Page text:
Protecting oilseed rape yields at harvest pays dividends

Oilseed rape losses at harvest have long been accepted as a consequence of growing the crop, but research into how this might be minimised has also quantified the impact on yield.

Independent trials performed by Nigel Metcalfe of NDSM Ltd in 2010 and 2011 compared the yield differences of strip trials desiccated with glyphosate only and those treated with glyphosate plus one of six pod sealers.

“The results were telling,” said Mr Metcalfe. “Pod sealers have a positive role to play in reducing the number of volunteer plants emerging after harvest through cutting losses caused by pod shatter both in the weeks after desiccation and at the time of harvest.”

“While all pod sealers do not perform the same, there is a clear benefit to be seen from their use through higher yields and reduced volunteers. In our 2010 trial the best performing pod sealer gave a yield benefit of 0.5t/ha over glyphosate only (control) and 0.2t/ha over the next best performing pod sealer.

“This was repeated in 2011 where Excalibur crops treated with the best performing pod sealer yielded 4.5t/ha compared with the 4t/ha for the control and 4.2t/ha for the next best performing product,” he added.

Weather events after crops have been desiccated have the greatest influence in determining the value of a pod sealer in protecting yield, but with oilseed rape prices for November 2012 trading at about £400/t the economic benefit of a pod sealer is clear.

A grower enjoying a similar result to that seen in the NDSM trial would see an extra £200/ha in output.  Pod-Stik from De Sangosse, the best performing pod sealer in NDSM trials, is available on farm for about £10/ha, giving a return on investment of 20:1 in the above example.

“There is extensive science behind modern pod sealers,” says David Foster, De Sangosse Technical Director. “The thin pliable layer of adhesive reduces pod splitting helping to cut losses and minimise volunteers. Across all trials the average benefit from including Pod-Stik is 200kg/ha, equivalent to £80/ha at current prices,” he adds.

The potential for losses is often drawn out over a lengthy period. From the moment the crop begins to ripen at Growth Stage 80-82 it has to endure potentially harsh weather, contrasting temperatures and the vibrations from the combine header.  Any of these can cause severe losses making pod sealers a low-cost form of crop insurance.

Growers planning to use a pod sealer to protect yields this harvest should follow manufacturer guidelines for best results, says David Ellerton, Hutchinsons Technical Development Director.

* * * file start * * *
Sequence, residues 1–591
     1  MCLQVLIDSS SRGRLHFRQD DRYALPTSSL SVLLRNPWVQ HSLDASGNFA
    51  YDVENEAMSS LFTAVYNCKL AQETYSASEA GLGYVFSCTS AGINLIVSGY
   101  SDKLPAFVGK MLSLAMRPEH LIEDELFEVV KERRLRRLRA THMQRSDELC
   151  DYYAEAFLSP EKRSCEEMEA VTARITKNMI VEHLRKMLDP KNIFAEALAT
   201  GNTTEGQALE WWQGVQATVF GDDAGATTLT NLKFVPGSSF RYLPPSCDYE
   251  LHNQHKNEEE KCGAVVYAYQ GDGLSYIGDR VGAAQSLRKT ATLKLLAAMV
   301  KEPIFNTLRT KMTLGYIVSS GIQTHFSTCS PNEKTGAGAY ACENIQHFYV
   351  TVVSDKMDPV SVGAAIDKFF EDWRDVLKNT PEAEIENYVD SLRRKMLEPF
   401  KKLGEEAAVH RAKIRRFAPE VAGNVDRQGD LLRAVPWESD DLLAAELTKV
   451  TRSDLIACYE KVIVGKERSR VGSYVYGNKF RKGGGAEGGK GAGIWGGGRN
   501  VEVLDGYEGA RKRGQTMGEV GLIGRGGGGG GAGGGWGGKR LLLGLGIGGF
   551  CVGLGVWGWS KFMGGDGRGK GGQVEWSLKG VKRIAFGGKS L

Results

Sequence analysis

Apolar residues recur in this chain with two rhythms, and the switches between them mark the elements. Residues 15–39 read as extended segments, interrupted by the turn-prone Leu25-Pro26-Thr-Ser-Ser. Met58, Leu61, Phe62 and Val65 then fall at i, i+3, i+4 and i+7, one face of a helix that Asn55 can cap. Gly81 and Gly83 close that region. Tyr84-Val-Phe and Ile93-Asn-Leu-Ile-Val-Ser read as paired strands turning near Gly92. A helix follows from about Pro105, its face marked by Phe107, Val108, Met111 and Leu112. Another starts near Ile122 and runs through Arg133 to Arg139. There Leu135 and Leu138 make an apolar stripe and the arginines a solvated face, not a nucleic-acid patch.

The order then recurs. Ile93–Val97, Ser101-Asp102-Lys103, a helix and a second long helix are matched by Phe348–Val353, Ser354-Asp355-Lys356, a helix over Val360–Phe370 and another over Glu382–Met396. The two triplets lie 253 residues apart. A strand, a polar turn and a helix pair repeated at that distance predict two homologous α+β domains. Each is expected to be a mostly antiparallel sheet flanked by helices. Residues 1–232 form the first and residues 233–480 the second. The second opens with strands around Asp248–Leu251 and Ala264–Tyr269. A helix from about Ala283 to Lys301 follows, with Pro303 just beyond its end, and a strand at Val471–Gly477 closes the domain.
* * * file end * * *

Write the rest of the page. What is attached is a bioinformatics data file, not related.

“Pod-Stik is one of the most impressive products I have seen,” said Dr Ellerton. 

“We have been involved with Pod-Stik since its launch in 2008 and our trials and commercial experience over the years testify to the phenomenal results seen in the field: volunteer numbers show to a line where it has, and has not, been used.

“Pod-Stik should be applied when pods are pliable (GS 80-82) to give cover through to harvest. It can be applied with a desiccant such as glyphosate or diquat or as a single application. Its benefits are the same in desiccated, swathed or naturally ripened crops,” says Dr Ellerton.

Growers should be aware however, of the need to rinse the sprayer after use. “We always advise growers to rinse the sprayer immediately after application with a non-ionic wetter to remove any remaining Pod-Stik,” adds Dr Ellerton.


Nigel Durdy runs a family farm and contract farming business with his brother Adrian.  Each year N&A Durdy perform stubble-to-stubble operations on about 810ha (2000 acres) for eight farming customers south of Doncaster, Yorkshire.

With 323-404ha (800-1000 acres) of oilseed rape to harvest during the first three weeks of August Nigel Durdy, a former sprayer operator of the year finalist, takes a strategic approach to desiccation. By using three different desiccants he is able to manage the rate at which the crops ripen before combining.

“Depending on the expected weather and where we are with harvest I will use either Reglone (diquat), Touchdown Quattro (glyphosate with a water conditioner) or Roundup (glyphosate) to ripen the crop in seven, 14 or 21 days’ time respectively,” he says.

He is also the farm’s agronomist and over the years he has experimented with several pod sealers to establish their benefits. “I’ve tried most of them, but keep coming back to Pod-Stik; there are always fewer volunteers with it than any of the competitor products.”

The last two seasons have been kind at harvest, but having invested in the crop during the growing year and with values as they he is reluctant to drop Pod-Stik just to save a few pounds.

“Pod-Stik is a low cost form of protecting against avoidable losses.  Our experience suggests that it is a must when desiccating with diquat regardless of the season while if desiccating with glyphosate it comes down to your personal attitude to risk.”